FCC Eliminates Hard-Copy Rules Requirement

As expected, the FCC has voted to eliminate the requirement that broadcasters and cable operators keep paper copies of the FCC's regulations on hand, the latest in a series of actions to whack away at regulations FCC chair Ajit Pai has said are part of a regulatory underbrush allowed to grow for too long.

Licensees will still be required to know the rules; they just don't have to kill trees to confirm that knowledge.

The paper copy requirement had applied to "to low power TV, TV and FM translators, TV and FM booster stations, cable television relay station (CARS) licensees, and certain cable operators."

Related: FCC Eliminates Broadcast Paper Filing Requirement

A vote was scheduled for the Feb. 22 public meeting, but was voted on circulation Feb. 20 and removed from the agenda for the meeting.

The FCC gave the National Association of Broadcasters some love in the release announcing the adoption of the change. "We agree with NAB that, given licensees’ ability today to immediately access FCC rules via the Internet, requiring broadcasters to retain hard copies of the rules is no longer necessary," said the order.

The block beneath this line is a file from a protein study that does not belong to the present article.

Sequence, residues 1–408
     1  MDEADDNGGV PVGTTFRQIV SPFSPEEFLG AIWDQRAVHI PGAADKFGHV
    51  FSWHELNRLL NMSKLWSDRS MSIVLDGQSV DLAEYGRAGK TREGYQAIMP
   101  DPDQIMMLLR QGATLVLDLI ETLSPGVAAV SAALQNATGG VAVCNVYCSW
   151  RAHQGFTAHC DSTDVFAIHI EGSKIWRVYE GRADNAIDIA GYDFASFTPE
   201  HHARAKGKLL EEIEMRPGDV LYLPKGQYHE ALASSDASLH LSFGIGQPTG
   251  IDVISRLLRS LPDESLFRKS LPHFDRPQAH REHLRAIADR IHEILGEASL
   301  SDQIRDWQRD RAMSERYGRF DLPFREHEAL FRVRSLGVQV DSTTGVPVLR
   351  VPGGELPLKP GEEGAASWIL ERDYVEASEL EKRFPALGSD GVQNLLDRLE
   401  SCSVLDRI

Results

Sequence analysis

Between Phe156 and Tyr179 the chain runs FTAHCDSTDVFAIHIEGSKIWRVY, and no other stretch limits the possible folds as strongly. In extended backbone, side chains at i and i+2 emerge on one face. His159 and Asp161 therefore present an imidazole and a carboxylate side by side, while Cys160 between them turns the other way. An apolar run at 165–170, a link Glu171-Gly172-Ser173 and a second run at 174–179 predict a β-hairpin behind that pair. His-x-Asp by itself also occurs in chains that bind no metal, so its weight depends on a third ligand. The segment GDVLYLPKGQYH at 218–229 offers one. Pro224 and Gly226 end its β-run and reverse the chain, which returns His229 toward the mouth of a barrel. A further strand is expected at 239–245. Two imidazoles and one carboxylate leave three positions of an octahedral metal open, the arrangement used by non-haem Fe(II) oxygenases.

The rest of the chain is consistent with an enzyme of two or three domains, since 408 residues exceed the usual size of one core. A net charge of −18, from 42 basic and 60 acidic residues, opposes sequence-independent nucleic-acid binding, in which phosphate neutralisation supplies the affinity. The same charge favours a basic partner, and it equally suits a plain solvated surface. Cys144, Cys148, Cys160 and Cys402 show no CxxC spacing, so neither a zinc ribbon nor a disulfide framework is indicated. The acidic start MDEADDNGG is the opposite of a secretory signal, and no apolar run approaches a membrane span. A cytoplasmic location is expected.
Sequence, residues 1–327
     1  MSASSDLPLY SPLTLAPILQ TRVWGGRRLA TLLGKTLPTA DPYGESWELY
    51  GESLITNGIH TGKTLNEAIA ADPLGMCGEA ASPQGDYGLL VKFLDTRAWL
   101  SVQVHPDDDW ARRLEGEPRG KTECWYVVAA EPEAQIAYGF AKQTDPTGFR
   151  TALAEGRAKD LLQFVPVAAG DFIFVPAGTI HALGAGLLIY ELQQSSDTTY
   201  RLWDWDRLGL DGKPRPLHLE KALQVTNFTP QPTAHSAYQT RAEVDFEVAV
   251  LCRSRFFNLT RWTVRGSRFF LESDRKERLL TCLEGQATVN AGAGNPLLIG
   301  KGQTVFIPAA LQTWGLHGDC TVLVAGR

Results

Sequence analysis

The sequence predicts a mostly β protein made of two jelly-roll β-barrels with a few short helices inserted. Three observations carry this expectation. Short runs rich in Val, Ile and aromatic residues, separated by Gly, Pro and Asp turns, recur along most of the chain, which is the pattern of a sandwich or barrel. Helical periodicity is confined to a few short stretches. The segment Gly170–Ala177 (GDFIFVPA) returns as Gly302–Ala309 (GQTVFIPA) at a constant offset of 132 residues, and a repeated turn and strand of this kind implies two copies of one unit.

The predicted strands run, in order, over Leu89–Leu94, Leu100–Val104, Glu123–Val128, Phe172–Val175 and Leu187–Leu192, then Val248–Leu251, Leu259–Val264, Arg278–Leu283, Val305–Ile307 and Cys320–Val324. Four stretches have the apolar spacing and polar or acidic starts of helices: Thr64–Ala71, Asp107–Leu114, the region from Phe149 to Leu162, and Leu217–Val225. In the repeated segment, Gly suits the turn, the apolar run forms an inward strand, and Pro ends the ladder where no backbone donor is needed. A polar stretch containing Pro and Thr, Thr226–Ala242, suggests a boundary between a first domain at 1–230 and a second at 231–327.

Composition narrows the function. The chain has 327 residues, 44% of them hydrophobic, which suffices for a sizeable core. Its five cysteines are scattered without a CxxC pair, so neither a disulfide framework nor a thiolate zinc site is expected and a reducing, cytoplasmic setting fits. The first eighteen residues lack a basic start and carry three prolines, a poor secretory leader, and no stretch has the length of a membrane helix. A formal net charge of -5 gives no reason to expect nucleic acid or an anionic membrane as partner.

But NCTA-The Internet & Television Association, also got a shout-out. The FCC is eliminating the requirement that cable operators keep a paper copy of the EAS Operating Handbook as well as the cable-specific portions of the FCC rules. "We agree with NCTA that this 'requirement wastes resources and is unjustified today given that the materials are readily available for free to anyone with access to the Internet,'" the order said.

John Eggerton

Contributing editor John Eggerton has been an editor and/or writer on media regulation, legislation and policy for over four decades, including covering the FCC, FTC, Congress, the major media trade associations, and the federal courts. In addition to Multichannel News and Broadcasting + Cable, his work has appeared in Radio World, TV Technology, TV Fax, This Week in Consumer Electronics, Variety and the Encyclopedia Britannica.